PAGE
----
Reading Stanton Coit

Stanton Coit (1857-1944) has always been one of “those names” — a Humanist source for pleasingly churchly worship material, a quoted authority, largely an enigma. Partly to since he was a Humanist, I wasn’t likely to come across him. But I saw some of his work in the 1937 Services of Religion (prepended to Hymns of the Spirit) and looked up his Wikipedia article, which provided much of the following reading list. See the links to read the PDFs. (Will fill in the gaps if the works appear online.) And thanks to Humanist Heritage for this delightful photo of Coit in beach togs.

By Scott Wells

Scott Wells, 46, is a Universalist Christian minister doing Universalist theology and church administration hacks in Washington, D.C.


  1. Scott, What kind of reader are you using to download these books? Thanks again for this link. I just skimmed the book on Nationality and Religion.. the preface at least holds up well for a modern reader. I think UUs would be well served to reread some of these authors. I get the feeling we spend far too much time wrestling over and over again with questions our forbearers have already answered. Not that we have to buy their answers, but we can build on the bits we still find worthwhile.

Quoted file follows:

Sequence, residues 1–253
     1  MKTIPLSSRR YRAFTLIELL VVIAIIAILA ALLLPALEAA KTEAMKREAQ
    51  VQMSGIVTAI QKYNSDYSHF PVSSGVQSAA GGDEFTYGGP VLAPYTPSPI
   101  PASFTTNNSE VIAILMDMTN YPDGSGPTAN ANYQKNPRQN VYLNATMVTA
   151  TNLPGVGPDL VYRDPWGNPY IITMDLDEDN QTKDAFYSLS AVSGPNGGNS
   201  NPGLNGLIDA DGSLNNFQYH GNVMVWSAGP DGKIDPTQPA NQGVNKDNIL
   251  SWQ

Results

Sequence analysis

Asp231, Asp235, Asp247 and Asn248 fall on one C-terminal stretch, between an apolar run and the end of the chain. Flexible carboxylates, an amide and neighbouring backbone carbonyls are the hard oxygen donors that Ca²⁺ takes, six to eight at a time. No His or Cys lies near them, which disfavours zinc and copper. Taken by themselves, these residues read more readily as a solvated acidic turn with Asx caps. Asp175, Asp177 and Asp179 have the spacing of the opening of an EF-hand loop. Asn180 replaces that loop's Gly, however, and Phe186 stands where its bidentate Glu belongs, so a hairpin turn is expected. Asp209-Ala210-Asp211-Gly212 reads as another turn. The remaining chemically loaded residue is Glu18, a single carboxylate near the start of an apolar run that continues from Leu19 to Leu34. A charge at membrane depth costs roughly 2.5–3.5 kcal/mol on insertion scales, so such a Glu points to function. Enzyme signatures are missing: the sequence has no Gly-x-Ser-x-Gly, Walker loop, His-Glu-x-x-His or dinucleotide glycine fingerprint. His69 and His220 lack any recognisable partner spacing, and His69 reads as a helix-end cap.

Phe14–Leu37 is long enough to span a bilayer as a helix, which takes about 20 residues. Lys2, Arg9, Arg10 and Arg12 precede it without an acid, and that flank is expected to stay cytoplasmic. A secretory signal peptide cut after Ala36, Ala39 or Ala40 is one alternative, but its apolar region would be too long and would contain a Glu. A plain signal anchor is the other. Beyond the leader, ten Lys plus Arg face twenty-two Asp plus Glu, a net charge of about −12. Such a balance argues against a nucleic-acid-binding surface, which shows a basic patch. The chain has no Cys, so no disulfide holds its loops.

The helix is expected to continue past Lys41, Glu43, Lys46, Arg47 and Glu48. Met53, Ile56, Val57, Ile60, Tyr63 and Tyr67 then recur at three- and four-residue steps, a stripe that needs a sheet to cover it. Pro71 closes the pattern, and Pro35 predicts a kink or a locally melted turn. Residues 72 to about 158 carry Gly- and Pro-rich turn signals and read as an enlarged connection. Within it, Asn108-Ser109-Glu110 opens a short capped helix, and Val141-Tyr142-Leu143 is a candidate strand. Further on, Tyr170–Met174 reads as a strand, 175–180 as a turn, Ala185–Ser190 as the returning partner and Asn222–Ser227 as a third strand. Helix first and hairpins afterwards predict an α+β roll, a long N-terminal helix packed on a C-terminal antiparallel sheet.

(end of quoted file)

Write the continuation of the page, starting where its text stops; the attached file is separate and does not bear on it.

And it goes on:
2. I will remember the Stanton Coit name. I am trying to get people to read Richard von Mises on Positivism, which for my money is a more coherent way of thinking than most humanism. It perhaps was no accident that the most perceptive response to my paper on von Mises came from a mechanical engineer (which von Mises was, among other things), and the least adequate response came from a well-known humanist minister.

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